Door 15: Cryptic species and public outreach

An essential aspect of doing research and working as a scientist is to communicate to the larger public interesting and important results. Outreach to the public is extremely important, as it creates awareness and fascination as well as it facilitates learning and understanding. For many, the topics we are doing research on, is so detailed and specific, that it can be difficult to understand and to see the bigger picture. Therefore, one of our missions as scientist is to contextualize and summarize important and fascinating findings in a “popular science” kind of way, making our results and findings available to everyone. There are many ways to conduct such outreach; some write blogs (like this one), some do interviews, some writes books and some write news articles. In our group, we write blogpost’s about new publications and what we are doing research on, and we sometimes write news articles or articles for certain journals or magazines.

One such publication we had earlier this year, was a joint publication from Lutz, Torsten and Marianne, where we wrote about cryptic species in a Norwegian journal called Naturen. Our piece was written in Norwegian and called: «Kryptiske arter utfordrer taksonomer og evolusjonsbiologer» and you can find it here:

Since we have forgotten to write about it in our blog, I will provide you with a small teaser and introduction now.

Biological systematics and cryptic species

Species are the fundamental unit in biological systematics; a systematic which strives to arrange and describe knowledge about the species and their evolutionary relationship in a hierarchical system.  Evolutionary relationship is a fundamental criteria in biological systematics, and our wish is that the evolutionary relationships are reflected in the systematics.

The shorter the time since the species evolved from a common ancestor (MRCA), the more similar they are expected to be and vice versa. Morphological similarity is often used as a proxy for (closer) evolutionary relationships, and two different species should have distinct morphological differences allowing us to separate them. We then face a special challenge with so-called cryptic species. The definition of a cryptic species is very basic: “different species with identical or nearly identical morphology”.  But, are the species just similar because they evolved quite recently from an MRCA, or is their morphological conservatism the result of distinct evolutionary processes?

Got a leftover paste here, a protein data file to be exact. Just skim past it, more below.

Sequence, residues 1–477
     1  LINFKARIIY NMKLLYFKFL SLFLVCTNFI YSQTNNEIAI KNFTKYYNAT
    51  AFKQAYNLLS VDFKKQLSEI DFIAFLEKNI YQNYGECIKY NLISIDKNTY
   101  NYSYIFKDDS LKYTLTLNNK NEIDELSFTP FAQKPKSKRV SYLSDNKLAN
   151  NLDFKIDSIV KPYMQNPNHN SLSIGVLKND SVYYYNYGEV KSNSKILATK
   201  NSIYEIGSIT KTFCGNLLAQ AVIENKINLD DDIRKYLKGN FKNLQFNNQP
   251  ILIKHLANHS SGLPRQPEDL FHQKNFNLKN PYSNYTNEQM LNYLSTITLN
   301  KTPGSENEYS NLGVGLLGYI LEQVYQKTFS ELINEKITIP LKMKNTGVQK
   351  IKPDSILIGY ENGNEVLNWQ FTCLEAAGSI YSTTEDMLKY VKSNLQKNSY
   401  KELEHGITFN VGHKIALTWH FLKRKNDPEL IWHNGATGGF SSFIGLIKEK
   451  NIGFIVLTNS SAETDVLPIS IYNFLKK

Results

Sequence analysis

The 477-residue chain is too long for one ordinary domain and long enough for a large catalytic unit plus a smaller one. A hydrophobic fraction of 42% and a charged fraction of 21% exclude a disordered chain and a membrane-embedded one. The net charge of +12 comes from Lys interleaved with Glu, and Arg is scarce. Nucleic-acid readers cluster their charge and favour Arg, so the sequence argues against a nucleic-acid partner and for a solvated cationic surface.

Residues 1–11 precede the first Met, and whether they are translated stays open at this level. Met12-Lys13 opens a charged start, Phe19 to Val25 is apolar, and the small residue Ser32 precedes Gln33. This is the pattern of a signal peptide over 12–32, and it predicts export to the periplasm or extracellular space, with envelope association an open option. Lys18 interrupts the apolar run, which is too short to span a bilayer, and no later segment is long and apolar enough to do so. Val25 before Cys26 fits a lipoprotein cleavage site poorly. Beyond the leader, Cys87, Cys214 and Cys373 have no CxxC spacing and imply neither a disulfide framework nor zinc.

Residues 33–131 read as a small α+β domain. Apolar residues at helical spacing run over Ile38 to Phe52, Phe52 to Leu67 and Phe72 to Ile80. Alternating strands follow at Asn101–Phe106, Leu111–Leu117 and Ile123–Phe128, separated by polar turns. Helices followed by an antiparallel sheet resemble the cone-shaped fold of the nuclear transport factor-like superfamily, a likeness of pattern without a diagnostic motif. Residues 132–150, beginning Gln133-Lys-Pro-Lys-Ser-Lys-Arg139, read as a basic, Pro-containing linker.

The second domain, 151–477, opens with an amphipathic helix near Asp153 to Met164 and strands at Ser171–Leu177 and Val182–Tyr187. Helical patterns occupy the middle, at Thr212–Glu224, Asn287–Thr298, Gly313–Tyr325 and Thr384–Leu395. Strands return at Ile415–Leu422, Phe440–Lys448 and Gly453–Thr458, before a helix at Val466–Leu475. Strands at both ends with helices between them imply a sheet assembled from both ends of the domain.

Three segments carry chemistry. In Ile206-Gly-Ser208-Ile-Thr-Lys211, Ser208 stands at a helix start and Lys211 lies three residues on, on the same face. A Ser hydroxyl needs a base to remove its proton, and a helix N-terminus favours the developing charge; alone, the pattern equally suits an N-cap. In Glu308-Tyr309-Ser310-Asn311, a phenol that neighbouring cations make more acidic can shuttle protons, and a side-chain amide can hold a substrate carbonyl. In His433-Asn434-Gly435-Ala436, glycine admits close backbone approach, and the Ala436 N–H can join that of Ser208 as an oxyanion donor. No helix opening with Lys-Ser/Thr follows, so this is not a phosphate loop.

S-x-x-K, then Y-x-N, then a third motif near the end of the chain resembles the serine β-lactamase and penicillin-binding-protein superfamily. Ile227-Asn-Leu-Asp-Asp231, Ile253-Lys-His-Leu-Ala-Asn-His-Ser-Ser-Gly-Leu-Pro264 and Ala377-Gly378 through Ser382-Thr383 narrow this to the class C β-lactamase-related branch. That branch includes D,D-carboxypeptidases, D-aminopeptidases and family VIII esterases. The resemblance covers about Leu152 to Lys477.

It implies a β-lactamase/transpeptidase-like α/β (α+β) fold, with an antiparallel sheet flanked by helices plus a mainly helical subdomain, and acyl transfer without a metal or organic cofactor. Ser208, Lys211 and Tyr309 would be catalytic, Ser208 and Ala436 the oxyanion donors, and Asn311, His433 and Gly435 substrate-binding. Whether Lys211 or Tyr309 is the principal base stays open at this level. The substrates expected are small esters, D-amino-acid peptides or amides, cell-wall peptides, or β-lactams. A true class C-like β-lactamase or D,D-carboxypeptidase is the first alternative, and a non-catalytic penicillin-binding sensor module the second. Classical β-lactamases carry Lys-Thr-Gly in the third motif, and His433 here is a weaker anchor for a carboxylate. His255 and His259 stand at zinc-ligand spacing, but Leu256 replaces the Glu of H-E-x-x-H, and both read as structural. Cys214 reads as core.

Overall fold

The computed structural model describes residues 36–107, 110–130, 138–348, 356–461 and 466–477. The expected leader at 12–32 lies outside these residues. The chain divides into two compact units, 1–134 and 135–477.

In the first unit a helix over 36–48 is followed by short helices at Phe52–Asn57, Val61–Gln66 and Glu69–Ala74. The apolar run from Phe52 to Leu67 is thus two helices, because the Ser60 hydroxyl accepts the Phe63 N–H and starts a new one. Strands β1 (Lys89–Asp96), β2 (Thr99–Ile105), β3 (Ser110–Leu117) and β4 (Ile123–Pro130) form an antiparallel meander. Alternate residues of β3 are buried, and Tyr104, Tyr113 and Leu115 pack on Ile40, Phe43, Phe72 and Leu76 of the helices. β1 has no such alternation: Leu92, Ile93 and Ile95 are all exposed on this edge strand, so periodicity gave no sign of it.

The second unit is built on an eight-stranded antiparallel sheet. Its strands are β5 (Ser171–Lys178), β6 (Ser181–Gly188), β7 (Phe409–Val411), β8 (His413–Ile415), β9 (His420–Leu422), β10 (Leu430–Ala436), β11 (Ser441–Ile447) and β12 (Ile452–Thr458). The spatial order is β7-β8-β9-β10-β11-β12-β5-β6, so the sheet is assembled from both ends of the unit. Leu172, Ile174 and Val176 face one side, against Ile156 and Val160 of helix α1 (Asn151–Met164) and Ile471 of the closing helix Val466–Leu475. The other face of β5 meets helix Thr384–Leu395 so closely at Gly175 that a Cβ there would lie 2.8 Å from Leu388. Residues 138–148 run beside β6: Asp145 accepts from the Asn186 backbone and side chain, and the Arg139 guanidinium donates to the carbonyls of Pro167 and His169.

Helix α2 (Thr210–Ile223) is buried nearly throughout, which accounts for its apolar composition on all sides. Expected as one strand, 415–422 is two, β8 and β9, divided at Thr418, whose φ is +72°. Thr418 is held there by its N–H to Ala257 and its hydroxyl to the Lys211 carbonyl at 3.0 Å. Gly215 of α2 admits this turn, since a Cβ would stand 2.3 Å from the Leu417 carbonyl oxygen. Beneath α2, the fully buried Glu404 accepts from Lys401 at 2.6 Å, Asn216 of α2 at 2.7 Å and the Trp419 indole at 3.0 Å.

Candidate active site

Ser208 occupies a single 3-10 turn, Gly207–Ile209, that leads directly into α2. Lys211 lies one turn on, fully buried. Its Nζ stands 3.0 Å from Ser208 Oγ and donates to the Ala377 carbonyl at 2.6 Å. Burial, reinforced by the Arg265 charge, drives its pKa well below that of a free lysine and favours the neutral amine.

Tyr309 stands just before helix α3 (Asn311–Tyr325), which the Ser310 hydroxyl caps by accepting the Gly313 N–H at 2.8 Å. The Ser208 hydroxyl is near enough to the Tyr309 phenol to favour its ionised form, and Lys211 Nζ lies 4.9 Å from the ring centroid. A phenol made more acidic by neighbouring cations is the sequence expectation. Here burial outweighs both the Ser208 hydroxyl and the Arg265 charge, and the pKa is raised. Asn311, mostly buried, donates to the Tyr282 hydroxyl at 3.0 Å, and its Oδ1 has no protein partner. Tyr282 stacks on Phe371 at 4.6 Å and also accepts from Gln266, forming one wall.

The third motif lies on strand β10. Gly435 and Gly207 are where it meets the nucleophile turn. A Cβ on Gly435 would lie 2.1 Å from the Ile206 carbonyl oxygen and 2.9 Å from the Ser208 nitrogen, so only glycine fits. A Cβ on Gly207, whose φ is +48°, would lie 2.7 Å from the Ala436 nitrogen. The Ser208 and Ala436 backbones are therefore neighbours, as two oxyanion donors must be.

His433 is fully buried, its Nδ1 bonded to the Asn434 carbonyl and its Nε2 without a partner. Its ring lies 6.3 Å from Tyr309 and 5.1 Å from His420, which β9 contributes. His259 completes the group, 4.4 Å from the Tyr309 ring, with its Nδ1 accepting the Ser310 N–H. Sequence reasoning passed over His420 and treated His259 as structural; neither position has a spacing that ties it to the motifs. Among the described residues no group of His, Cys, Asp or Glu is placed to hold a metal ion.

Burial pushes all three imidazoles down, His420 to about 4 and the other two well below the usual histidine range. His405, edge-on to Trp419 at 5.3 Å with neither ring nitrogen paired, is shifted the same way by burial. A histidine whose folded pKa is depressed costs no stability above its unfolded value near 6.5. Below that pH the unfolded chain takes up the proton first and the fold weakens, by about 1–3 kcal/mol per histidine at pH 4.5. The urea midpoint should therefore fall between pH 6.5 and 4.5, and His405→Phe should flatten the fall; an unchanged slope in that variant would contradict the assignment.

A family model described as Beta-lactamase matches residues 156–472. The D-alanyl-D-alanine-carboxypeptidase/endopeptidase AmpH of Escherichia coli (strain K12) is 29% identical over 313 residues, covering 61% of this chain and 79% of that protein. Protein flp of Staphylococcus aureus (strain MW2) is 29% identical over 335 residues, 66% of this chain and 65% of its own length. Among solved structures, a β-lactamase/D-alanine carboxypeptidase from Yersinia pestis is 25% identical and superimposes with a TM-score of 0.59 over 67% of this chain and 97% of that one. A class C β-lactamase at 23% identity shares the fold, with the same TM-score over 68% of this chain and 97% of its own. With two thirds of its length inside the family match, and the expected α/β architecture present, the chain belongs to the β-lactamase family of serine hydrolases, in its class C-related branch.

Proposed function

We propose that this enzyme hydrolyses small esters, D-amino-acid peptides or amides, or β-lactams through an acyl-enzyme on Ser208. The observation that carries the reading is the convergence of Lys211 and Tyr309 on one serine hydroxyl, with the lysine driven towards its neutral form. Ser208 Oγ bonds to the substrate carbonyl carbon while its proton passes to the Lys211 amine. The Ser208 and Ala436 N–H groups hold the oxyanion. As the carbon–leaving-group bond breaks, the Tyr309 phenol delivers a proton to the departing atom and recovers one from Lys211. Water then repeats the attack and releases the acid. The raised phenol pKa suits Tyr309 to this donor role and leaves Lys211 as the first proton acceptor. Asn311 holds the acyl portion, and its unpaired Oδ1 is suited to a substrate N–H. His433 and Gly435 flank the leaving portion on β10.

Bluethroat (Luscinia svecica), is a bird in the flycatcher family which can have very varying morphologies. In Scandinavia is the male throat blue with red central spot, while males in Central and southern Europe have white central spots. Ornithologists therefore categorize the species into two subspecies: Luscinia svecica svecica (males with red central spot) and Luscinia svecica cyanecula (males with white central spot). But why are they termed subspecies and not different species although we can separate and distinguish males without any problems? Foto: Bjørn Aksel Bjerke

Species differentiation and cryptic species

The traditional view of species differentiation based on morphology alone can potentially be challenging. How morphologically different does two species be before they are recognized as two distinct species and not the same? To differentiate between two morphological identical or nearly identical specimens, molecular methods like DNA barcoding are commonly used nowadays. With this method, a short stretch of the DNA, usually 400-800 bp, is sequenced and compared to other sequences in a database, hoping that the sequence of interest is already in the database, allowing us to determine which species we have sampled. However, some scientist thinks this method is too simplified, and argue that a more integrative approach should be utilized.

Evolutionary processes which can explain the presence of cryptic species   

The main question about cryptic species is whether they are just a theoretical and academic challenge to taxonomists, or whether they are significant for our understanding of evolutionary processes. Why do biologists think that cryptic species are so special? Morphological differences between species have often been interpreted as a result of evolutionary adaptations to new ecological niches (adaptive radiation) which then leads to morphological innovation. Cryptic species, on the other hand, actually shows the opposite, i.e. species differentiation with very limited morphological changes. Research in this field has found that there are four important evolutionary processes which may explain the presence of cryptic species. Those processes are: recent divergence, convergence, parallel evolution and morphological stasis (see illustration for further explanations).

Evolutionary biologists generally use four processes to explain how cryptic species can evolve. These are recent divergence, parallel evolution, convergence and morphological stasis. In an evolutionary time perspective, recent divergence, parallel evolution, and convergence are short-term processes, while morphological stasis stands out and extends over periods of many millions of years.

Read more about this?

If you want to read more about this, I recommend that you read our Norwegian paper in Naturen, or visit our other blog posts under the heading “Cryptic species”. There you will find more posts about our research on cryptic species 🙂



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